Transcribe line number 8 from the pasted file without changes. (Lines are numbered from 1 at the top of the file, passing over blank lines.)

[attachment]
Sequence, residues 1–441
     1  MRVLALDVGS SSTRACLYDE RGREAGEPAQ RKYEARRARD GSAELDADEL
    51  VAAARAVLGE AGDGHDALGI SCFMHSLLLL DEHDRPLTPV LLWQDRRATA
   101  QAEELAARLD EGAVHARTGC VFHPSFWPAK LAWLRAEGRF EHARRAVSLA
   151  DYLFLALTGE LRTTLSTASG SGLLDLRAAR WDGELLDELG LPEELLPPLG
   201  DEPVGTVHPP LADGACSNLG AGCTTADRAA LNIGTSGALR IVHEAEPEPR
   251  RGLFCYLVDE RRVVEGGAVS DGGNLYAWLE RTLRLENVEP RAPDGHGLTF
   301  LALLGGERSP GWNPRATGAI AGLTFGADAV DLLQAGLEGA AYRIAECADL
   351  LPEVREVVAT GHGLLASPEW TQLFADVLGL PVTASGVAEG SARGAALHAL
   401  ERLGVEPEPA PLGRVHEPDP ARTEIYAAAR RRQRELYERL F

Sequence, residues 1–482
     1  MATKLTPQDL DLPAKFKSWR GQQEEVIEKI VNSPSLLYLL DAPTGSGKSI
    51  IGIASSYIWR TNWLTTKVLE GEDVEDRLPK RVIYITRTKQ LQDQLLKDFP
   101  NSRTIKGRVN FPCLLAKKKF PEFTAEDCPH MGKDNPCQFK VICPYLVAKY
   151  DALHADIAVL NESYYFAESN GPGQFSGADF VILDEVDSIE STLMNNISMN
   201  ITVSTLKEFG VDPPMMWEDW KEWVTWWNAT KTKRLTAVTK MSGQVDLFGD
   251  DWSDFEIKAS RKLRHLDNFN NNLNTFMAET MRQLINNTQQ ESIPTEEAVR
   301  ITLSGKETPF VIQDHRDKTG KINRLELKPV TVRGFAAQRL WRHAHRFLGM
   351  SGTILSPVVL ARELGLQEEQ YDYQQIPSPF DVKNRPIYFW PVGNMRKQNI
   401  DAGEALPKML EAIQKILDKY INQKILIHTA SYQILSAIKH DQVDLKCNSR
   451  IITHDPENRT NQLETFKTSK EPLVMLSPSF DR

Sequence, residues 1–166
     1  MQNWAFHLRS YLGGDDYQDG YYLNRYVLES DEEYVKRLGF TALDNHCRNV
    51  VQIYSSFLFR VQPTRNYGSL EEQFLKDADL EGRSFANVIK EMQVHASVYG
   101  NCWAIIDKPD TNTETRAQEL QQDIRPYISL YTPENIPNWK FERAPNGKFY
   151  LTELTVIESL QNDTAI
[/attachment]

   301  LALLGGERSP GWNPRATGAI AGLTFGADAV DLLQAGLEGA AYRIAECADL